But these restrictions also make travel outside of the community an issue. Depending on the specific restrictions put into place, if a resident opts to leave the grounds, or in some cases, leave the city or state, they will be required to complete a 14-day quarantine inside their residence upon return to the community. As a result, residents must weigh the costs and the benefits of travel.

Should I stay or should I go?

Based on what we currently understand about the spread of COVID-19, the more people you interact with, the more closely you interact with them, and the more time you spend together, the higher your risk of contracting COVID-19 should they unknowingly be infected. That’s why the CDC recommends limiting your interactions with people outside of your household members and keeping at least six feet between yourself and others, especially if you are indoors.

If you are still thinking about travelling for leisure or to see family and friends, here are some ways the CDC suggests seniors can make their trip as safe as possible.

  • If travelling by air, wear a mask in the airport and throughout your flight. Consider bringing sanitizing wipes to clean off high-touch surfaces on the plane like the armrest and tray table. Wash hands frequently and bring hand sanitizer for when soap and water aren’t available.
    • If you’re concerned about the virus spreading through the recirculated air of an airplane, you’re not alone; I’ve considered that potential risk myself. But according to MIT researchers, airplane air quality — with its combination of HEPA filters and fresh outside air — is actually quite good. The air circulation is such that you’re unlikely to breathe in air droplets from anyone more than two rows away. Put on a mask for an added layer of security while in flight, and keep in mind that, as the CDC notes, there are also safety precautions you should take while inside the airport.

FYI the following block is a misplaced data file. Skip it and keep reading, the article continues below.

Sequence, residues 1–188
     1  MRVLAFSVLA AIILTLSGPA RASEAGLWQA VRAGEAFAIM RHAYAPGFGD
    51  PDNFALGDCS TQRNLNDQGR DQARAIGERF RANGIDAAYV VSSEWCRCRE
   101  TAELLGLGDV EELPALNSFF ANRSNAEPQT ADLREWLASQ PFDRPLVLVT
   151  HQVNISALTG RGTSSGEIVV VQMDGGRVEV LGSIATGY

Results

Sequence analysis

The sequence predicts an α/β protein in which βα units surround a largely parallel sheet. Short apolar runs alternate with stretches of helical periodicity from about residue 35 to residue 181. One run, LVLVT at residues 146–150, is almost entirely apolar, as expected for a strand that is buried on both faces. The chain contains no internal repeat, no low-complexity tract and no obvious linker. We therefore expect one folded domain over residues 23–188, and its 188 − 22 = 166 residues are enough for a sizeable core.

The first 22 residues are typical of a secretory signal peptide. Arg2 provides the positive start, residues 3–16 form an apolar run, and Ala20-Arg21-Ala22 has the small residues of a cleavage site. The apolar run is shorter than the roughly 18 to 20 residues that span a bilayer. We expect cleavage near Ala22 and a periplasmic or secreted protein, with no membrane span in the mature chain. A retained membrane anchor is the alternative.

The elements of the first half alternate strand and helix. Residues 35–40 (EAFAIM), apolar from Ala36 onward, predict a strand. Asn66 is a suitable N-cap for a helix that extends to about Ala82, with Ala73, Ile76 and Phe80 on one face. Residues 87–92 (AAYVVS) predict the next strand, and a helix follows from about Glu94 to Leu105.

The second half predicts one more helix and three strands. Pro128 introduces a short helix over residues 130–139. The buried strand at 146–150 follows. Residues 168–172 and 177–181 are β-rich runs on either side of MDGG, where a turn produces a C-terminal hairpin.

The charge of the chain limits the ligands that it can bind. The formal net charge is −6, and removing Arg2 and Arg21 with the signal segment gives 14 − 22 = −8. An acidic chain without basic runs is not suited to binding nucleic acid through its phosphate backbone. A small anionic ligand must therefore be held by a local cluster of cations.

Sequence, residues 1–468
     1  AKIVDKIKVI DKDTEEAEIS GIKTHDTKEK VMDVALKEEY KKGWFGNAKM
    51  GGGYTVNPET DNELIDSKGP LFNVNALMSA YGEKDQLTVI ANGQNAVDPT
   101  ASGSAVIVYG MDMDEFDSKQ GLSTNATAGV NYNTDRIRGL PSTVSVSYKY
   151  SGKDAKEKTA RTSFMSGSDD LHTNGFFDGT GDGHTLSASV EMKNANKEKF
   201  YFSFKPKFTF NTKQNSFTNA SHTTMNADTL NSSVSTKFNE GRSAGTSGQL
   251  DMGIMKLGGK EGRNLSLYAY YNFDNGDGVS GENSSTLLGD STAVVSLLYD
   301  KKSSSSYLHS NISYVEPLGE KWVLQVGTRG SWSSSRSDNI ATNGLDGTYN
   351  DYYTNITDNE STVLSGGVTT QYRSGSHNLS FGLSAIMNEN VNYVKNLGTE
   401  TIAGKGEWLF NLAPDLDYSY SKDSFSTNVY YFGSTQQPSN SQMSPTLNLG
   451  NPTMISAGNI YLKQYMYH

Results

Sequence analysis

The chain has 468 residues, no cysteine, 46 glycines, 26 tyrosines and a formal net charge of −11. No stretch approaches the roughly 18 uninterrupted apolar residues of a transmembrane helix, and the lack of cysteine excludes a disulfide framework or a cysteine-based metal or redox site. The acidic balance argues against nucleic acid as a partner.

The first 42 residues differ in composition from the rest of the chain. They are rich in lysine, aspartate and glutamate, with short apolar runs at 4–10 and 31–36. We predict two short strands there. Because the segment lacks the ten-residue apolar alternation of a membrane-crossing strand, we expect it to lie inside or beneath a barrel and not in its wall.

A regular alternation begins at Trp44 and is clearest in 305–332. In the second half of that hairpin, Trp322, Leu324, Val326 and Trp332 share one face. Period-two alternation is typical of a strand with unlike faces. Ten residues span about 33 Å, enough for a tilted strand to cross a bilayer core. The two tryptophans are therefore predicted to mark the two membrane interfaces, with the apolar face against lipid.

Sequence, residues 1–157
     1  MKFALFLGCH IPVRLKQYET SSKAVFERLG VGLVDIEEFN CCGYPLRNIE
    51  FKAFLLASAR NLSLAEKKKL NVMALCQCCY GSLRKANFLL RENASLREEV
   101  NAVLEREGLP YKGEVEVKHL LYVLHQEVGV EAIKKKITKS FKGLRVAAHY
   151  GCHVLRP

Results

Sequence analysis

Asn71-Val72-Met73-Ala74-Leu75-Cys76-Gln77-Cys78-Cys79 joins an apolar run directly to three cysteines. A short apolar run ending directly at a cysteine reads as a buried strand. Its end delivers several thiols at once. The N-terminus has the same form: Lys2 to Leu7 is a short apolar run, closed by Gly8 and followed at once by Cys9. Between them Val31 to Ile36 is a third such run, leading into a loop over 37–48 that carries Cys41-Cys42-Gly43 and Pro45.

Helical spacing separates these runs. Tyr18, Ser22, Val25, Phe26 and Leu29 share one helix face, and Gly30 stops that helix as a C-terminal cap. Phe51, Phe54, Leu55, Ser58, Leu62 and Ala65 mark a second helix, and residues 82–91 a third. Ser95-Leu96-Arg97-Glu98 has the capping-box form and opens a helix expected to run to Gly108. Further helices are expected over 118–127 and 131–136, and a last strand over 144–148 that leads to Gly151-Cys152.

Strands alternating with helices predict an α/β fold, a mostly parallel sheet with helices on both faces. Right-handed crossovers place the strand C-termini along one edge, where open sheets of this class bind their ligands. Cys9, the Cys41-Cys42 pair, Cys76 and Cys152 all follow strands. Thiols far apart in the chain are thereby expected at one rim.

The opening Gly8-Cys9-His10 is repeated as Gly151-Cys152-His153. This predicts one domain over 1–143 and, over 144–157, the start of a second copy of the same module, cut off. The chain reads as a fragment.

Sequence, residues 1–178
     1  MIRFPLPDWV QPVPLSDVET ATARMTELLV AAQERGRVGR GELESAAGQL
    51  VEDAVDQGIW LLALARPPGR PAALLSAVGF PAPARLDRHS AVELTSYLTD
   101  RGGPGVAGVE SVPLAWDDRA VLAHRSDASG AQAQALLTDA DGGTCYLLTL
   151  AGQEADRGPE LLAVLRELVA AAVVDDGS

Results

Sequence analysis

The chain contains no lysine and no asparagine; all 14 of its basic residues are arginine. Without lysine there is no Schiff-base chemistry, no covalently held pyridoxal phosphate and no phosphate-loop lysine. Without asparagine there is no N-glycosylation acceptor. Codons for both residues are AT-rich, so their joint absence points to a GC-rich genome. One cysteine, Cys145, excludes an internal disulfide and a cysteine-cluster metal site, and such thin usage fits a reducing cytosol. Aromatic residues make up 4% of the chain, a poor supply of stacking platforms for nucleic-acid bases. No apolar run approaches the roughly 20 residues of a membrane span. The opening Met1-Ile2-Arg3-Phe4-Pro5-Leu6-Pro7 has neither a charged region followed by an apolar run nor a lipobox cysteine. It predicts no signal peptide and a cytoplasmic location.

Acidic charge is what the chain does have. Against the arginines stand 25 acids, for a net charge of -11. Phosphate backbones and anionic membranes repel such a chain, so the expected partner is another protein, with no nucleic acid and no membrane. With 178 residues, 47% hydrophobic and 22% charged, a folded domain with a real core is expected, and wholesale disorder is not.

• If travelling by car, consider packing food and drinks so minimize the number of stops you must make. When stopping for gas or restroom breaks, be sure to put on a mask and wash hands with soap and water prior to returning to the car. Again, hand sanitizer is also useful.
  • Encourage social distancing during your visit; don’t shake hands, kiss, or hug. Visit with your friends and family outdoors, when possible. If this is not feasible, make sure the room is well-ventilated and large enough to accommodate social distancing. Otherwise, a mask should be worn.

The CDC also advises that if you or someone you are visiting has any COVID-19 symptoms or knowingly has been exposed to someone with COVID in the past two weeks, you should cancel or postpone your trip.

Safe travels

Many of us are feeling a bit of cabin fever, so it is understandable that people are hoping to strike out on a trip and enjoy a change of scenery. But it is important to always put your health, and the health of your loved ones, first.

Seniors should take the considerations above into account before travelling, and weigh the potential risks versus the reward. If you do opt to travel, the precautions above can help ensure your trip is as safe as possible during these unusual times.

And just a few reminders about other precautions to take whether you are travelling across the street or across the ocean…

  • Wear a mask that covers your nose and mouth, and avoid close contact with those not wearing a mask.
  • Stay at least 6 feet apart from those outside of your household.
  • Wash hands often with soap and water, or use hand sanitizer containing at least 60% alcohol.
  • Limit contact with commonly touched surfaces or shared items such as handrails and doorknobs.

Stay safe out there!
New call-to-action

About the Author:

Brad Breeding is president and co-founder of myLifeSite, a North Carolina company that develops web-based resources designed to help families make better-informed decisions when considering a continuing care retirement community (CCRC) or lifecare community.